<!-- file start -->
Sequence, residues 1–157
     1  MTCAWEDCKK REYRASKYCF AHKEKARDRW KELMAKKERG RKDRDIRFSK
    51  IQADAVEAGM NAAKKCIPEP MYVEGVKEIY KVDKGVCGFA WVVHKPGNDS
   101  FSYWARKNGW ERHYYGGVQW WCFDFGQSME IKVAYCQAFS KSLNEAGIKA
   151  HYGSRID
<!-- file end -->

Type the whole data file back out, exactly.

Sequence, residues 1–157
     1  MTCAWEDCKK REYRASKYCF AHKEKARDRW KELMAKKERG RKDRDIRFSK
    51  IQADAVEAGM NAAKKCIPEP MYVEGVKEIY KVDKGVCGFA WVVHKPGNDS
   101  FSYWARKNGW ERHYYGGVQW WCFDFGQSME IKVAYCQAFS KSLNEAGIKA
   151  HYGSRID